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I never discussed with them my politics or my opinions about politics or the war. I really wanted the film to be in their voice, not mine. It can be difficult, but you just have to be aware of the kinds of questions you ask—don't ask leading questions. And don't give your opinions, just listen and observe. The scenes in the film where their own political thoughts come out are not in interviews, for the most part, they're in vérité scenes where they're talking to each other. Because I was just a one-woman band, just me and my camera, those kinds of scenes and conversations were easy to film pretty unobtrusively.
Do you think that being filmed, and the knowledge that they were being filmed, gave your subjects some sense of perspective about their experiences that they might have otherwise struggled to gain?
I think that's really more a question for them. I can say that in several of the Q&As that we have had after festival screenings, that the guys talk about how seeing the film has given them a new perspective. When someone after a screening asked Dominic what he thought of the film, he talked about how he uses the film as a tool to recognize how he has changed. He said that when he first came back from Afghanistan he didn't want to admit that the war had changed him, and that's why in the film you see how he has trouble relating to people, trouble dealing with anger and irritability. He says when he saw the film for the first time, it made him realize this, and it helped him understand how and why he had changed.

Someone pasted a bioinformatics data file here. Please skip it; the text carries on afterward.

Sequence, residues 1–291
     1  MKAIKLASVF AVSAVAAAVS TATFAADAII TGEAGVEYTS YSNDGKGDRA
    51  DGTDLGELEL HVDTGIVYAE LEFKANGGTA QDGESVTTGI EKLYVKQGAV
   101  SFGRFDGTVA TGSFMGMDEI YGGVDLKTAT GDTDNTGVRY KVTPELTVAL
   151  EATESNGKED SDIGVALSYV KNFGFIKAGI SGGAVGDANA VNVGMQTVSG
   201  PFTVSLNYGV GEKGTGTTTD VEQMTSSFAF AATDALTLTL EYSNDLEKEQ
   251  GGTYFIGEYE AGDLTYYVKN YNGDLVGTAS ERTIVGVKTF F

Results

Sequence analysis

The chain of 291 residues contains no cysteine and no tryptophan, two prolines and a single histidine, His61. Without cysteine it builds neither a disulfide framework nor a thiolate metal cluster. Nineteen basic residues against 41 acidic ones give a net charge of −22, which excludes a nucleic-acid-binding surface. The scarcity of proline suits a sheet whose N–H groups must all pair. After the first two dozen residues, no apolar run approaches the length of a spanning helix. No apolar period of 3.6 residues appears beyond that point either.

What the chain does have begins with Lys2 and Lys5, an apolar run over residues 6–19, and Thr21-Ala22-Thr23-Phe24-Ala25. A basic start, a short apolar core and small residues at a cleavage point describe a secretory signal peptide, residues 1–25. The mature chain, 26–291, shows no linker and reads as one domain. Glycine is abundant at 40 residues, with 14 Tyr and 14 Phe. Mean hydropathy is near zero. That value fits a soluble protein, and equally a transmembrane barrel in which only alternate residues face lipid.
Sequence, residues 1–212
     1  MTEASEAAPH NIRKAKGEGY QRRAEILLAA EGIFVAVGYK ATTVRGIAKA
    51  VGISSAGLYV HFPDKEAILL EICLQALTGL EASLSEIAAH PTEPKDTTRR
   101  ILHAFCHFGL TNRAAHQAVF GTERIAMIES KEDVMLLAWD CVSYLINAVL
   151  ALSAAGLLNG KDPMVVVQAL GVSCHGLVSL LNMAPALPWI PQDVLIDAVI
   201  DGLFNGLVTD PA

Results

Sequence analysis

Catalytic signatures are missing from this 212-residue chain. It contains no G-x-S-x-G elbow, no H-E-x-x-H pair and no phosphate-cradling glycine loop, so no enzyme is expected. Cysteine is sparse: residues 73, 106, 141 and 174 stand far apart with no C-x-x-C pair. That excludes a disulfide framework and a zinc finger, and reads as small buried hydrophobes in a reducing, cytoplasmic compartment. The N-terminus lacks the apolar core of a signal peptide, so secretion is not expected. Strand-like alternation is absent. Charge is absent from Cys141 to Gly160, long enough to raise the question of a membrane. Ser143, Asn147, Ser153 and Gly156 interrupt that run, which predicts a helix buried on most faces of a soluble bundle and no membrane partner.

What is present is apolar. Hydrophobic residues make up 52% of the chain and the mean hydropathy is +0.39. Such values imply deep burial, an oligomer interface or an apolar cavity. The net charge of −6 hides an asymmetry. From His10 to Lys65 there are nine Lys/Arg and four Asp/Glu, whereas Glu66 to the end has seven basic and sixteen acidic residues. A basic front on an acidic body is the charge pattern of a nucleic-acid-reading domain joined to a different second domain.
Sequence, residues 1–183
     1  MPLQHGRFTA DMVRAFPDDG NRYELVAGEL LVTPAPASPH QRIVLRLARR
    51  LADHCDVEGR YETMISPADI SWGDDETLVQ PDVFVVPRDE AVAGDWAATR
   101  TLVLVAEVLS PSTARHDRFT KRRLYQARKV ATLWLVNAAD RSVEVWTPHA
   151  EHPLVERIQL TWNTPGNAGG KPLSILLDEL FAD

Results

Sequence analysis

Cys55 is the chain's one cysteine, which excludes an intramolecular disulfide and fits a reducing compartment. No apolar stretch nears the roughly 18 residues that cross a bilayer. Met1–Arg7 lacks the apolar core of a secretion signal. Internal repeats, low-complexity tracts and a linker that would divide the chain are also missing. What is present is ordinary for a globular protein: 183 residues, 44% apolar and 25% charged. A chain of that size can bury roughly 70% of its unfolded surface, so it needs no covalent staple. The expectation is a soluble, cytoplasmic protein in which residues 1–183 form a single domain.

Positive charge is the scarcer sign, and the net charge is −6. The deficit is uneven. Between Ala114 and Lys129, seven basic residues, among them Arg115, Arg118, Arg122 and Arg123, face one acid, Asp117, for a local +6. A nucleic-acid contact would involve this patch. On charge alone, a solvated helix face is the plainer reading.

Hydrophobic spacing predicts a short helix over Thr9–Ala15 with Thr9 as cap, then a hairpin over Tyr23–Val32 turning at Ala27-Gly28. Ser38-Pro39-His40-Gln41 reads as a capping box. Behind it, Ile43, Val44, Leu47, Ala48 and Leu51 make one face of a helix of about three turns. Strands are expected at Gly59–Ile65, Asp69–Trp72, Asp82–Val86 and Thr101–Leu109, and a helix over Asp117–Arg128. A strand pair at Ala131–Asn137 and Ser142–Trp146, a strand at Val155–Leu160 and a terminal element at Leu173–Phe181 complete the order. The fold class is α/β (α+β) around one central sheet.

There's a great moment where a couple of soldiers joke about being in some foofy documentary that's gonna play at film festivals—how have your subjects felt about the attention of audiences that are often quite removed from their own cultural background?
I don't know that they look at the audiences who see the film as quite removed from their own cultural background. Every screening we have had that the guys have been at has been filled with people who are very interested in their story and wondering how they are now. At the BAMCinemaFest in Brooklyn in June, there were a few middle-aged moms in the audience, dressed in African dresses. I don't know what their specific background was, but I know it was quite different from the Upper Peninsula of Michigan. But that didn't matter at all. One of the women raised her hand and said to Dom, Cole, and Bodi, "I just want to give you a hug. I have sons close to your age." They were reaching out to them as moms, and in that way I feel like the film helps people see a little of themselves in the people on the screen, even if their own experience is quite different.
How did you decide when the film ended? It's a tribute to the time your film spends with the soldiers that we feel invested in their lives when they come back from Afghanistan—have you given much thought to fulfilling a desire for where-are-they-now updates?
I knew that I had to spend a significant amount of time filming the guys after they got back from Afghanistan. I continued to film them at home after the war for as long as my funding and various deadlines would allow, so for about another year. Watching someone change and grow from age 19 to age 23 in a 90-minute movie is something that many people have commented on. I remember one day when I was editing and it was close to our final deadline for picture-lock, I was watching the first interviews I did with them more than four years ago, and then watching the final interviews I did, and I was suddenly very struck by how much they had changed from those first interviews to the final ones four years later. It was something that really affected me.